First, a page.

The ACP-EU Development Minerals Programme celebrated EU Raw Materials Week 2016 with an event to showcase the results of the Programme's training and capacity building with SMEs, governments, civil society and other stakeholders in 40 countries of the African Caribbean and Pacific (ACP) Group of States. The event aimed to demonstrate how local minerals and materials such as sand, salt, marble and gravel can spur inclusive and sustainable development.
Major infrastructure ventures and rapid urbanization (forecasted to increase from 40% in 2010 to 56% in 2040 in Africa alone) are ramping up the demand for construction materials exponentially. The Development Minerals sector may therefore hold the key to tens of millions of jobs across Africa, the Caribbean and the Pacific, boosting local, national and regional economies.
Nevertheless, the small-scale and mid-size operators that dominate the sector lack the requisite knowledge and skills in market analysis, entrepreneurship, value-addition of products as well as appropriate technologies. This is compounded by poor environmental labor and health and safety records. The important contribution of women in this sector also needs to be highlighted, recognized and measured. Actions aimed at addressing the practical needs of women and their strategic interests need to be integrated into national legal and policy frameworks to ensure women's effective participation in, and benefit from, the Development Minerals sector.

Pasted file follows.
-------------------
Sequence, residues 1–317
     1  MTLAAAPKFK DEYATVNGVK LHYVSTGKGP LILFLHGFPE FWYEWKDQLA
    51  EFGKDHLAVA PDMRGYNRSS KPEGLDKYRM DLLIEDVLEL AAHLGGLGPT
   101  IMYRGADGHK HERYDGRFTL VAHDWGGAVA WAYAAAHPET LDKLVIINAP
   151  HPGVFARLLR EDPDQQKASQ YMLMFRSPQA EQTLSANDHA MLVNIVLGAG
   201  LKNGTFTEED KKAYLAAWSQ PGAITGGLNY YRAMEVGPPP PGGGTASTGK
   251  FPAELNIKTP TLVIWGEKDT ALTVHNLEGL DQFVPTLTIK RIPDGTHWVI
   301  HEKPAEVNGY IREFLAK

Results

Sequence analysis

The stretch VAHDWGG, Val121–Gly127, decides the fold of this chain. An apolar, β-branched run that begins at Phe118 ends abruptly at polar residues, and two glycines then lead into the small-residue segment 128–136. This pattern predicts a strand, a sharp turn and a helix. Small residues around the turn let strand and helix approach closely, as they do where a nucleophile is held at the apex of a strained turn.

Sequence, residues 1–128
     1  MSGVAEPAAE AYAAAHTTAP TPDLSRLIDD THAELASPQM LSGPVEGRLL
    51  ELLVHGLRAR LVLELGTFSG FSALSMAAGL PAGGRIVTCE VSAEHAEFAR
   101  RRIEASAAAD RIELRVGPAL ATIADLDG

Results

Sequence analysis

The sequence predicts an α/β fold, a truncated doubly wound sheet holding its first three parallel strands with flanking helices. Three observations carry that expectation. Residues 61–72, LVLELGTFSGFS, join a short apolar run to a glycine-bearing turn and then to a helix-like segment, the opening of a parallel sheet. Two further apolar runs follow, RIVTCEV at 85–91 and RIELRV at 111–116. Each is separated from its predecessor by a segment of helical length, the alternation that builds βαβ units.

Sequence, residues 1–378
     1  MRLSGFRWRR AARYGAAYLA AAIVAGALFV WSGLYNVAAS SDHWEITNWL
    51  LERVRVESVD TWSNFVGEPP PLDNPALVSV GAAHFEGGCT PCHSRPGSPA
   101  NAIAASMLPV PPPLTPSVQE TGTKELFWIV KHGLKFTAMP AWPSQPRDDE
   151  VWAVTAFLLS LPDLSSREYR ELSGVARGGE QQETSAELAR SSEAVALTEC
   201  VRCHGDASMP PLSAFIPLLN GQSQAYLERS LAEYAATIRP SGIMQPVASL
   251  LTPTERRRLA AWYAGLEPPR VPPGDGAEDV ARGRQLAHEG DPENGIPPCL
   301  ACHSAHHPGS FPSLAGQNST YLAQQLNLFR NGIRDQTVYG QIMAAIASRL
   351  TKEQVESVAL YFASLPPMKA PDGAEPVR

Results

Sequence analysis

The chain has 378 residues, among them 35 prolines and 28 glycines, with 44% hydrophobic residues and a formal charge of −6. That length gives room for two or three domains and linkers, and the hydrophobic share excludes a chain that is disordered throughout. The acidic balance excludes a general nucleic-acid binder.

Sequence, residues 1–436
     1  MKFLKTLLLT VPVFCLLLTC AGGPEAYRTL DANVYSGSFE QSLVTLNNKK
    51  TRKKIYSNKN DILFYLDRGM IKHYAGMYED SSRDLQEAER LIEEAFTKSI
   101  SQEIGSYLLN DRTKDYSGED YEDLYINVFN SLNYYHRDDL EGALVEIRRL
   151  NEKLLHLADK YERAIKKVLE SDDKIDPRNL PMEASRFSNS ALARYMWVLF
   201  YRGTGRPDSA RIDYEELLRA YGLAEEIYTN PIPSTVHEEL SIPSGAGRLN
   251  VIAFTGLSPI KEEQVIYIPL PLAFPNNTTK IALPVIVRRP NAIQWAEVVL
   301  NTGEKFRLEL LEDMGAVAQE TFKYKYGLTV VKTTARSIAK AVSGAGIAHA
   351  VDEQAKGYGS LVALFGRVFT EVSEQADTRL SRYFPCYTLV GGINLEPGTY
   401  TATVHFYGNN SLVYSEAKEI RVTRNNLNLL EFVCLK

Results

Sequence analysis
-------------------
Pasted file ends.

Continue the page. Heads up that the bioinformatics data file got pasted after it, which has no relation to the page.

The showcase was a great opportunity that gathered over 120 participants including Ambassadors, senior officials from the European Commission, UNDP and the ACP Secretariat, development cooperation agencies, private and public operators in the mining sector, academia, other business development stakeholders as well as other key stakeholders to communicate the interim outcomes of the programme and raise the profile of Development Minerals as a sector of inherent economic potential that lends itself to employment creation and inclusive growth.
Egbert Hamilton, an alabaster artisan from Jamaica, also demonstrated how to polish and sculpt an alabaster slab sourced from Jamaica especially for the showcase. Thematic stations were assembled around the meeting and lunch space stocked with posters, postcards, photos, videos, statistics and other communications materials for the showcase attendees to interact with the knowledge generated by the programme.